Industrialization is a hallmark of civilization but nowadays it is becoming matter of great concern. Industrial emissions unfavorably affect the environment, leading to the large-scale worldwide destruction of agricultural land along with water bodies (1, 2). Various toxic substances are released that accumulate in the environment and food chains, thereby affecting many biological processes. Chromium (Cr) is one the important metal being employed far and wide in numerous industrial processes, including chrome leather tanning, chrome plating, ceramics, dyes, paints and pigments manufacturing, textile processing, metal finishing etc.(3-6). Leather processing industry is one of the major industries utilizing chromium in the form of chrome liqueur or chrome powder. Residual chromium is thus discharged in solid as well as liquid effluent. It exists in various oxidation states ranging from -2 to +6 but the most persistent forms are hexavalent (Cr6+) and trivalent (Cr3+) species. Hexavalent chromium is the most toxic form, mainly available as oxyanions, whereas trivalent chromium is hundred-fold less toxic, less soluble and less mobile, mostly found as oxides, hydroxides or sulfates (7, 8). Hexavalent chromium is a strong oxidizing agent, mutagen and teratogen (4, 9). Its oxyanionic form (CrO42−), analogous in structure to sulfate and phosphate ions, readily permeate through bacterial and eukaryotic cells resulting in intracellular reduction leading to chromate-induced toxicity (4, 8, 10). The presence of chromate in the environment inhibits most microorganisms, but it also promotes the selection of metal resistant bacteria (2, 11).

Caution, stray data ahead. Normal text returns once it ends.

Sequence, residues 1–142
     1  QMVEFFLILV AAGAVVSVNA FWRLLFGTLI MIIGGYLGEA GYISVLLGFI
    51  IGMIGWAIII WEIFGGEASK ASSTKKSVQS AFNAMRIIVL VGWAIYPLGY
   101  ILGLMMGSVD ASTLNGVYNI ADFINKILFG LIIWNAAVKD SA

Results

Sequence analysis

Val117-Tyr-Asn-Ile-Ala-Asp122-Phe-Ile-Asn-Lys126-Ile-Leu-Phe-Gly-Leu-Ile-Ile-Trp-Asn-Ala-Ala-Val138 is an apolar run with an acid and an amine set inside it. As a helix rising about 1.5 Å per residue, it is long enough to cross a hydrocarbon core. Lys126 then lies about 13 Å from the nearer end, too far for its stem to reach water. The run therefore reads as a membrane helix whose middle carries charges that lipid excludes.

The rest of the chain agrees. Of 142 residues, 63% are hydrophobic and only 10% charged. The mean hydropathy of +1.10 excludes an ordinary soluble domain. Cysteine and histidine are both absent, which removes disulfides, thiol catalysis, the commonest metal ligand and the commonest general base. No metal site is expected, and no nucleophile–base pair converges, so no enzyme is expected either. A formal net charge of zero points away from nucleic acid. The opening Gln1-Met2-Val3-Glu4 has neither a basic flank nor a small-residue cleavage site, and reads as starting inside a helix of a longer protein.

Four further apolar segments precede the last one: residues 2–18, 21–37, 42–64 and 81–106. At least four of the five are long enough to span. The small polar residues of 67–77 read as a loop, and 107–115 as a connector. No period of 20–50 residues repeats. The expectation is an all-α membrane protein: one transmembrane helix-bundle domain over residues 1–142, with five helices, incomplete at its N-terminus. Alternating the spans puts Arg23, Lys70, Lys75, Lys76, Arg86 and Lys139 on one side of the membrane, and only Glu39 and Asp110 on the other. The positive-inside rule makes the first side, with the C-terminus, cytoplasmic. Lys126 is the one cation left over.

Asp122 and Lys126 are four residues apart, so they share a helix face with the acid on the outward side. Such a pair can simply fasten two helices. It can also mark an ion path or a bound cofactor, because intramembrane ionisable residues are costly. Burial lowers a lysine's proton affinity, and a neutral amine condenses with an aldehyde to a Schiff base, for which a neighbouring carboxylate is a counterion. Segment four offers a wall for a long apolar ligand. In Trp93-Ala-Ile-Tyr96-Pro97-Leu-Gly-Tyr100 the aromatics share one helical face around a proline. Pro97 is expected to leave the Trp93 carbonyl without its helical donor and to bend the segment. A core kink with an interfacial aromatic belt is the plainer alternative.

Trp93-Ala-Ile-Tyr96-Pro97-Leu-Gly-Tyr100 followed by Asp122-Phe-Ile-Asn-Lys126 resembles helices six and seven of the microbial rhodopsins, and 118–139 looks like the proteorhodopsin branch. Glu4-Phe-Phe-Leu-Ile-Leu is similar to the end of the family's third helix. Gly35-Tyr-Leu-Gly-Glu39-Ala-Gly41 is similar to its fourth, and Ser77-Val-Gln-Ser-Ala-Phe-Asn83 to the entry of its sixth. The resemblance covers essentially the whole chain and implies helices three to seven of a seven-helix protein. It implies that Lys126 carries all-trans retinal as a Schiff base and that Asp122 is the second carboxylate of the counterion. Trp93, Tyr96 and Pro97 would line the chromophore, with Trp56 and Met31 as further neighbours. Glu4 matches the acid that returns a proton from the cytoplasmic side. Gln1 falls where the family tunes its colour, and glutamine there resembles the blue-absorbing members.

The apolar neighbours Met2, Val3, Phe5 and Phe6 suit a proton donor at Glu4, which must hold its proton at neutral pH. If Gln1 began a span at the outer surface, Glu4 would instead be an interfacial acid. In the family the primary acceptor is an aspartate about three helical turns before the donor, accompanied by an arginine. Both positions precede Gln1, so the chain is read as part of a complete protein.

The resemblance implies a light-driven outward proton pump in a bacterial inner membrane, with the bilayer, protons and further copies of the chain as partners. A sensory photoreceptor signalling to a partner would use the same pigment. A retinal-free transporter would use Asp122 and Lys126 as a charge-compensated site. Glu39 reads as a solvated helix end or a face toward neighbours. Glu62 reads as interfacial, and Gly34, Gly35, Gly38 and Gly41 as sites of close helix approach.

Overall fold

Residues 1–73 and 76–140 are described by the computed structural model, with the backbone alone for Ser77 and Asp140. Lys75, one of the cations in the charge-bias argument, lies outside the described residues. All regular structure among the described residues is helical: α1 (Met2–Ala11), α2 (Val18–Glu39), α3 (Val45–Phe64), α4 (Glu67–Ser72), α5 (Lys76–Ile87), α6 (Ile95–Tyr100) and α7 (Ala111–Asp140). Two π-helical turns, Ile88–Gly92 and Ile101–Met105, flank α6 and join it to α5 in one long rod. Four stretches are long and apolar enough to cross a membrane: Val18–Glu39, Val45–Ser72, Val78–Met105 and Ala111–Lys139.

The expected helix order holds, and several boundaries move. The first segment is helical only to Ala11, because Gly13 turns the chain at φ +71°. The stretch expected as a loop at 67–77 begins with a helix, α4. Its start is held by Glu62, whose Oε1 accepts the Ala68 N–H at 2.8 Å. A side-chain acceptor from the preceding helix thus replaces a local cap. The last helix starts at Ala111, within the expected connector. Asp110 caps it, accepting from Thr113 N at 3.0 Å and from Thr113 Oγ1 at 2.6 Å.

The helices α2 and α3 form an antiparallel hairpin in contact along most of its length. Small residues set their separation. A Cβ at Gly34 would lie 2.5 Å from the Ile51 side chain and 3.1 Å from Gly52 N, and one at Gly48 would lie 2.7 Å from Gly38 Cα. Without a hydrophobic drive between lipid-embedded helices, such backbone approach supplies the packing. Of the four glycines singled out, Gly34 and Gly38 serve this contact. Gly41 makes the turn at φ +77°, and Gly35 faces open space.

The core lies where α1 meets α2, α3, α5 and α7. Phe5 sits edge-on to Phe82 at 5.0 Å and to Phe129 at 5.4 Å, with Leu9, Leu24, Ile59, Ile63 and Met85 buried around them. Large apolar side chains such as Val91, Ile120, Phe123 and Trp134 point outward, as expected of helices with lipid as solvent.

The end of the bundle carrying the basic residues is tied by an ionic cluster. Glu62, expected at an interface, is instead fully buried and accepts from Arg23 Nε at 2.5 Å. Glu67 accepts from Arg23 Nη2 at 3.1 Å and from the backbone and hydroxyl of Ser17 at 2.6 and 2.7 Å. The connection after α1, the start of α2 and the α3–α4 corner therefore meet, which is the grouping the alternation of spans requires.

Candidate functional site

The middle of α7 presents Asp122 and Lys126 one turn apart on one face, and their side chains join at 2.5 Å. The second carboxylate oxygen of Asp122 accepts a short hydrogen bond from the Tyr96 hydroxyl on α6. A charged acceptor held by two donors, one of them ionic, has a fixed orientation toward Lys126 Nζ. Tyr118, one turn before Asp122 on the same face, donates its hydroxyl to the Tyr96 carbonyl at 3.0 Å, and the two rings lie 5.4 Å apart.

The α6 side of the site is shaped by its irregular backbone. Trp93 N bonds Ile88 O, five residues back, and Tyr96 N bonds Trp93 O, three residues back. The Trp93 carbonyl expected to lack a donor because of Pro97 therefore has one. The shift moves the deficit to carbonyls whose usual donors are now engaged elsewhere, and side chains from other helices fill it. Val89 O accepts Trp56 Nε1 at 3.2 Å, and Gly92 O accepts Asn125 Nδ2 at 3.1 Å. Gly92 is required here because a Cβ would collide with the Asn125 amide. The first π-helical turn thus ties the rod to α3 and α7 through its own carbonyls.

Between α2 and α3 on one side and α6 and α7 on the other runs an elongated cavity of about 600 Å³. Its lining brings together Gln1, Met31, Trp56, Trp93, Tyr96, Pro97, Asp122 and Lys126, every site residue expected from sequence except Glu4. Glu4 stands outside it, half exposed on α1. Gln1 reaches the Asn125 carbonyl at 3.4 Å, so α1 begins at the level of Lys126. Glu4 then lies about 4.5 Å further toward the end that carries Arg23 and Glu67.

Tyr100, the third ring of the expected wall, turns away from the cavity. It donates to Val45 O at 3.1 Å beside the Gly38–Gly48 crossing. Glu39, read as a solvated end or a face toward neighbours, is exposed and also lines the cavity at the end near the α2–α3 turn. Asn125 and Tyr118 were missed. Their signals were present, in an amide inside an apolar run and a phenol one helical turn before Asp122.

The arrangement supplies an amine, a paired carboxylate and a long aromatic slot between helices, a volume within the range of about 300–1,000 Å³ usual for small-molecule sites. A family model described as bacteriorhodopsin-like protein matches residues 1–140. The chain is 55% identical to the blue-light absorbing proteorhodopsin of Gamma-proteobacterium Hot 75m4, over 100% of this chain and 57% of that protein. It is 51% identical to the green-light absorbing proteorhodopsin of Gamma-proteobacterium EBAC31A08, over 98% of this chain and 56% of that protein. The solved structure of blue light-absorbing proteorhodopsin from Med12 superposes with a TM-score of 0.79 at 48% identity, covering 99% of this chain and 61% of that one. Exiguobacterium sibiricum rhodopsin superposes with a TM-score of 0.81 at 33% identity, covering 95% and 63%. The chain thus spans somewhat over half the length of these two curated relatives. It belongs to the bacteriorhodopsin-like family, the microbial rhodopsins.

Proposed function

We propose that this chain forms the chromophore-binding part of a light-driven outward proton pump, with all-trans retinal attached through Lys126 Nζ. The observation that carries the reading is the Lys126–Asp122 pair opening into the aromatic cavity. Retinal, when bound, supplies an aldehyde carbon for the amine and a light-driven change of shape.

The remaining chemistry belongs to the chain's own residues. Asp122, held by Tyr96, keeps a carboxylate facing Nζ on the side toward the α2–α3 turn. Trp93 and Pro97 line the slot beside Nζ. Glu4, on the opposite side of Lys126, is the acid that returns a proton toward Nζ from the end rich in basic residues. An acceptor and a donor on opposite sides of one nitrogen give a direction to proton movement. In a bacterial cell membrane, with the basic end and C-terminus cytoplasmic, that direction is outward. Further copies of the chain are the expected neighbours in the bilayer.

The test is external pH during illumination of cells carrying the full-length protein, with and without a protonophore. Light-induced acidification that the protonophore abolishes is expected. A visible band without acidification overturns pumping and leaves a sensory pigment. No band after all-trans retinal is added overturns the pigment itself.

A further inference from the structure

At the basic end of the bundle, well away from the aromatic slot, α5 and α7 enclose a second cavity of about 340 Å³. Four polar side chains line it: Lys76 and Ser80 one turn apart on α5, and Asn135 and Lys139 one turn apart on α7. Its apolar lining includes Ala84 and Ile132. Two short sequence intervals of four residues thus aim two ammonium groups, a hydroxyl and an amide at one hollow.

In Kanpur, about 400 leather processing industries at Jajmau, discharge both liquid as well as solid wastes into canals and rivers with residual chromium. This causes chromium contamination not only of water but also of aquatic lives, land, vegetables, farming and crops, posing great threat to environment and human health. The most direct and severe effect comes out with leather-cut wastes, which are conventionally being processed into feed ingredient (as a protein source). This chromium content thus acts as major source for its migration into the food chain.
Chromium does not degrade completely but can be transformed or removed either through adsorption/accumulation or by physicochemical treatments. Large amount of chemicals as well as energy is used during these processes, therefore unsuitable for execution at large scale (12). Chromium resistant bacteria offer an economical as well as eco-friendly selection for chromate detoxification as well as bioremediation (8, 13). Chromium reduction takes place under both aerobic as well as anaerobic conditions. Numerous bacteria have been reported for reducing/transforming Cr6+ to Cr3+, e.g. Bacillus sp., Escherichia coli, Enterobacter cloacae, Pseudomonas fluorescens, Providencia sp., Exiguobacterium sp. etc. (14-18).
The objective of the present study is to isolate...